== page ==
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    Experiental Learning

    The design of our training curricula is based on Kolb’s experiential learning theory. Kolb’s theory is typically represented by a four-stage cycle in which the learner ‘touches all the bases’:

    Concrete Experience – (a new experience of situation is encountered, or a reinterpretation of existing experience).
    Reflective Observation (of the new experience – of particular importance are any inconsistencies between experience and understanding).
    Abstract Conceptualization (Reflection gives rise to a new idea, or a modification of an existing abstract concept).
    Active Experimentation (the learner applies them to the world around them to see what results).

    Effective learning is achieved through (1) having a concrete experience followed by (2) observation of and reflection on that experience which leads to (3) the formation of abstract concepts (analysis) and generalizations (conclusions) which are then (4) used to test hypothesis in future situations, resulting in new experiences. Applying this methodology secures a learning experience not just for the learners and target groups, but as well for the staff of the partners.

    Creativity isn’t the sole dominion of artists and geniuses. It shouldn’t be confined to certain subjects in the curriculum, creativity in science is different to creativity in drama but is valuable to both.

    Creativity is enhanced through subject knowledge. We’re advocating for learners to be given the chance to deepen their subject understanding and build on this through creativity. An enriching experience for teachers and students alike.

    According to the World Economic Forum’s The Future of Jobs Report, ‘creativity’ will be one of the top three skills required to thrive in 2020. This is a profound prediction when understanding why the creative arts are important in education.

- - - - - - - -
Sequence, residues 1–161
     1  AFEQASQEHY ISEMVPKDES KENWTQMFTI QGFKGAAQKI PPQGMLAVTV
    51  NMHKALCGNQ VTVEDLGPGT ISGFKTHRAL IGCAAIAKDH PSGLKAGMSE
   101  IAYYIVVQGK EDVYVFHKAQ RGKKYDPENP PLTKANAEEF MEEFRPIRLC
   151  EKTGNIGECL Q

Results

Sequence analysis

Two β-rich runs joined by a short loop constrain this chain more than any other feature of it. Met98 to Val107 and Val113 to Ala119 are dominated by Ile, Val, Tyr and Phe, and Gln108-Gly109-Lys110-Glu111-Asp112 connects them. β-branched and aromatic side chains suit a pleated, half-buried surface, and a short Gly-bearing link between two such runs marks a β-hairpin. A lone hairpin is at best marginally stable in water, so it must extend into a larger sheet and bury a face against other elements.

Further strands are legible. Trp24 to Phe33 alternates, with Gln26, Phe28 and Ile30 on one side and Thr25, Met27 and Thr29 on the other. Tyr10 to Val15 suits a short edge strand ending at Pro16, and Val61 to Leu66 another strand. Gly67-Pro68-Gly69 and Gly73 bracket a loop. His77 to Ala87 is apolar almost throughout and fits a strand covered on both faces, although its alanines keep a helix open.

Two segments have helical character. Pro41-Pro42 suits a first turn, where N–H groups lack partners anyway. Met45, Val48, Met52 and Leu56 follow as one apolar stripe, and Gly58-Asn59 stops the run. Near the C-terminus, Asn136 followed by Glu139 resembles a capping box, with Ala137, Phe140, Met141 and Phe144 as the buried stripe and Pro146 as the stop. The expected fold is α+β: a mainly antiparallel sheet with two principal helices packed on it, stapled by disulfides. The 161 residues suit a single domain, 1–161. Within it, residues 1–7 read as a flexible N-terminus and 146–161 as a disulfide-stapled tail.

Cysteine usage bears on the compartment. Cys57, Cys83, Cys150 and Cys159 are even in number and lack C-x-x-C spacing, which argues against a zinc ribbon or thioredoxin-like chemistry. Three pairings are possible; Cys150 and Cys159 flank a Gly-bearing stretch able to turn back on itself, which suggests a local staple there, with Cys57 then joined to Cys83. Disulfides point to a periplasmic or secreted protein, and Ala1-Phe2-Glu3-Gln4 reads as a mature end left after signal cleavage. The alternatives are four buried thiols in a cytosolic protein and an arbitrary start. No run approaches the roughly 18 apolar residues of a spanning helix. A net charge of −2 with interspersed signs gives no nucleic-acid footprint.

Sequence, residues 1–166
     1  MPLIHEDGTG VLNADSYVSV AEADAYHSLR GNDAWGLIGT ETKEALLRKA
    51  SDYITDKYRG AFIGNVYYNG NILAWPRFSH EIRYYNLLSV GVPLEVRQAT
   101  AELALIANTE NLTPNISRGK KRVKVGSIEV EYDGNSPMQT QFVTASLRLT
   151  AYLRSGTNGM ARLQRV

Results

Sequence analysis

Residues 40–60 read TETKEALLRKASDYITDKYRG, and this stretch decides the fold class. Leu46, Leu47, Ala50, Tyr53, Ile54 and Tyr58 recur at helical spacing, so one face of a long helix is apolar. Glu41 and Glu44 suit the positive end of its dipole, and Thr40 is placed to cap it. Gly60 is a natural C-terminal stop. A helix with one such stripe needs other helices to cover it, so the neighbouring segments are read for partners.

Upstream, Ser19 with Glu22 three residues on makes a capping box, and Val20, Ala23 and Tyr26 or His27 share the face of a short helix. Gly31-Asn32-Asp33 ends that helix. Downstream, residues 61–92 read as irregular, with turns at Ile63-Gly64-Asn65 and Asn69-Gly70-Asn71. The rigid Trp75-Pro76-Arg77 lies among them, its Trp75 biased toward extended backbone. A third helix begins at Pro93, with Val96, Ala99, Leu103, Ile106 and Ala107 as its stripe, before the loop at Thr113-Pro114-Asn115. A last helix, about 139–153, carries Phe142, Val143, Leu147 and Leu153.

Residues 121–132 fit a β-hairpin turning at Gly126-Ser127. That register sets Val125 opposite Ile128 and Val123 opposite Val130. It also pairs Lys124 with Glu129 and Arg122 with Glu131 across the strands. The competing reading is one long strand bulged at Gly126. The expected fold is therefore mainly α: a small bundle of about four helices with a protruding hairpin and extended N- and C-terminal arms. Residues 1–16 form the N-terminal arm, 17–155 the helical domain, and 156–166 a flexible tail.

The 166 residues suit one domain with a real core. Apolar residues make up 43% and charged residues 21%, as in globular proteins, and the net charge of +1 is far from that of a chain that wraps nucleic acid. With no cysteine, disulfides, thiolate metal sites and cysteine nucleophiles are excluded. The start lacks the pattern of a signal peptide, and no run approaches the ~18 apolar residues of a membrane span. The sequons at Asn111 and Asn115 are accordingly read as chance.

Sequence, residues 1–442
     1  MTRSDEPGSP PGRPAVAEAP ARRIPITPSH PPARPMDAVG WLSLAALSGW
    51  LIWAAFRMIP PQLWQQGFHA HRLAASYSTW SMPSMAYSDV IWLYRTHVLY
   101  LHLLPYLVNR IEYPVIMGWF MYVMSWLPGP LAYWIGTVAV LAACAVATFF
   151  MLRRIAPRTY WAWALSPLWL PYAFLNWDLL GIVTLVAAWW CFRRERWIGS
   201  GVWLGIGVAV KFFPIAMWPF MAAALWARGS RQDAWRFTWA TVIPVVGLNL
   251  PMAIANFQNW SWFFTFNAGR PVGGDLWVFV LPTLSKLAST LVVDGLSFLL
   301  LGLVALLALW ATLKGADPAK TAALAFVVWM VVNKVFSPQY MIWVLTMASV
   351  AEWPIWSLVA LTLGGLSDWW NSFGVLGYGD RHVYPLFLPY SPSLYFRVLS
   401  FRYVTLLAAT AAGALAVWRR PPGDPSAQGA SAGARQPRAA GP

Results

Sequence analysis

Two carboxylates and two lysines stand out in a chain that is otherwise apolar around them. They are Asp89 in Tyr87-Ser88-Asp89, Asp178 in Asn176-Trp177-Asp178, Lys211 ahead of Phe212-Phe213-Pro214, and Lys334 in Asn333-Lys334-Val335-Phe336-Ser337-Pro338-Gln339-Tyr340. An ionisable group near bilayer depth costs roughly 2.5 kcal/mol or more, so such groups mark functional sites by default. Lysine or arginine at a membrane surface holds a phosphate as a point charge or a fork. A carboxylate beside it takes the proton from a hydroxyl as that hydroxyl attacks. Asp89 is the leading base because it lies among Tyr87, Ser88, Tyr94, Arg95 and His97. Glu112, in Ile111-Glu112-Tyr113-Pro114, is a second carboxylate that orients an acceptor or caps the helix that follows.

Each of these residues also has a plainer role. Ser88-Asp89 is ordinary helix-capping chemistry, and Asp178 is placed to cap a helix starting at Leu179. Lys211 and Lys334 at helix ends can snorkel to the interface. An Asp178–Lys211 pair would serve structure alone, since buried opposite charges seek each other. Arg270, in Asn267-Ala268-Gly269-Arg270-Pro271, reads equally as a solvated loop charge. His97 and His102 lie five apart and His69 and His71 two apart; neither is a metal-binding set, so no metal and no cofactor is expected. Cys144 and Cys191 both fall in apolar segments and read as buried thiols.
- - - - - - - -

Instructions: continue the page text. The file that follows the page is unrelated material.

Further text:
The Future Jobs Report ranks creativity at third place of the Top 10 skills required by 2020, behind complex problem solving and critical thinking. For the education sector, this is a wake-up call. As recently as the last decade, the creative arts have not had a significant bearing on curriculum requirements. In many cases, they have been designated to the realm of co-curricular activities. Quite clearly, this needs to change. Fast.

    Teaching for creativity should be practised across the curriculum and accessed by all. It should not be confined to certain subjects; creativity in science is different to creativity in drama, but is valuable in both.

    Through engaging in opportunities for creative learning, grounded in subject-knowledge and understanding, students’ creative capacity will be nurtured, and their personal, social and academic development greatly enriched.
    With these advantages leaners will navigate in society and the world of work able to think and work creatively across disciplines and sectors.
    (https://www.artscouncil.org.uk)

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